Hundreds of local union leaders, business agents, shop stewards and members packed a room at the Teamsters Unity conference last week to hear about preparations being made for negotiations on the 2018 UPS contract.
The gathering was led by newly-appointed Teamsters Package Division Director Sean O’Brien, who started the meeting by giving the floor to former Package Division Director Ken Hall.
“There’s no doubt that the upcoming UPS negotiations will be challenging and we face a number of critical issues like driverless trucks, drones, pensions and so on. Sean O’Brien has assembled an outstanding leadership team and I have full confidence in their ability to take on UPS in this next round of bargaining,” said General Secretary-Treasurer Hall.
O’Brien introduced new regional chairs and laid out the Division’s planning ahead of contract talks.
“We have many issues we need to face in the upcoming negotiations. For example, harassment against our members is out of control again. That’s why we need to make certain during these negotiations that we have the best team in place,” O’Brien said.
Other issues that O’Brien said need to be addressed include 9-5 violations and technology changes.
“We have to be smart about how we approach new technology so that we’re not painted as standing in the way of progress. We also face serious challenges with pensions and the competition – E-commerce and everything that Amazon is doing,” he added.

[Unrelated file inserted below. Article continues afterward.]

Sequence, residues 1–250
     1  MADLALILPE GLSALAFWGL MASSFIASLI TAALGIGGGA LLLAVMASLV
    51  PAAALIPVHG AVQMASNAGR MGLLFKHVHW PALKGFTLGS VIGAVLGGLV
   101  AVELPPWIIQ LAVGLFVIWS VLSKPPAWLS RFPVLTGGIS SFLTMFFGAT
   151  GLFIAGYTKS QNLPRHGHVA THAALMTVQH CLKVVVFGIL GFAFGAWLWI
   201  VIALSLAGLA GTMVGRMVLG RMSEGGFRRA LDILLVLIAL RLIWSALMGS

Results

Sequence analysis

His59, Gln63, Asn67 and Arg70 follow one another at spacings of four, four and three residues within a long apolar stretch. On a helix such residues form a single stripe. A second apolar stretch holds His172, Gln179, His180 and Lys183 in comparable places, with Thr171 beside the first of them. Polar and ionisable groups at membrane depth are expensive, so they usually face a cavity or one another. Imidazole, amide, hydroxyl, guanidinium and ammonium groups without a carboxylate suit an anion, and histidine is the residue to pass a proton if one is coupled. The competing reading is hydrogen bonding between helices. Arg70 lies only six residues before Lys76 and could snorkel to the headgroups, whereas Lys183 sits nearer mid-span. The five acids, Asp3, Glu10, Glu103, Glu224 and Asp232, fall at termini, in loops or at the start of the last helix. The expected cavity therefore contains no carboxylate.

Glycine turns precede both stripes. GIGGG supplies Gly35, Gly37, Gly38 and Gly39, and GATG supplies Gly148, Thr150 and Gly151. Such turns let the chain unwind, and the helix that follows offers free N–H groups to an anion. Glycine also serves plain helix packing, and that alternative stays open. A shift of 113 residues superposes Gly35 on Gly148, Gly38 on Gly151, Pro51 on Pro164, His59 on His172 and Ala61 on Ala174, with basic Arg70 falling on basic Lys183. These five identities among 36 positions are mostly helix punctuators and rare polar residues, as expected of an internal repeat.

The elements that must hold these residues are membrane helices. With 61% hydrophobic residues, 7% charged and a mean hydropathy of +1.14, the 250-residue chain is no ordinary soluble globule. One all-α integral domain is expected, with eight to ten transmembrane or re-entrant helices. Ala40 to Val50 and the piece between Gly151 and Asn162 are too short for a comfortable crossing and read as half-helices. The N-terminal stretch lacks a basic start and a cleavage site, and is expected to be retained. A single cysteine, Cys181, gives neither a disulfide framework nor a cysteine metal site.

Transparency is a Must
O’Brien emphasized the need for transparency and unity in the negotiating process.
“We need to embrace each other. We can argue among ourselves but when we leave the room we have to be united against the company. Now more than ever, our members need to be engaged in these talks. That’s why transparency is a must for the Division – we can’t have any ‘brown-outs,’” O’Brien said.
To that end, the Division is building a strong communications infrastructure centered on social media and other online platforms. Brian Rainville, Assistant Director of the Package Division, discussed a mobile app and website that are in development as well as the UPS Rising Facebook page and Twitter account which are both live.
“We need to understand how our members are getting their information and at the same time we have to make sure we’re getting information and feedback from them,” Rainville said. He urged locals to contact the Division with stories about members, grievance victories and other news that can be put out to UPS members nationwide.
An All-Inclusive Fight
In terms of bargaining, O’Brien told meeting attendees there is no commitment yet on whether or not to pursue early negotiations. But he said surveys will be used via social media, as well as focus groups and polling, to determine what members think about when to start negotiations and what the focus of bargaining should be.
O’Brien also mentioned some of the challenges on the freight side where Local 25 Business Agent John Murphy will be leading negotiations.
“We have UPS Freight doing more subcontracting, putting scabs to work while our members sit at home. We’re not going to consider any contract proposal that doesn’t address the subcontracting issue,” O’Brien told the room.
Above all, O’Brien made it clear that the Division is moving beyond the disagreements among members in terms of past negotiations, building an all-inclusive effort in the fight for a strong contract in 2018.
“Every company and union is watching to see what happens at UPS. We have to get this contract right because it will set the tone for labor relations for the next ten years – not just at UPS but throughout the economy.”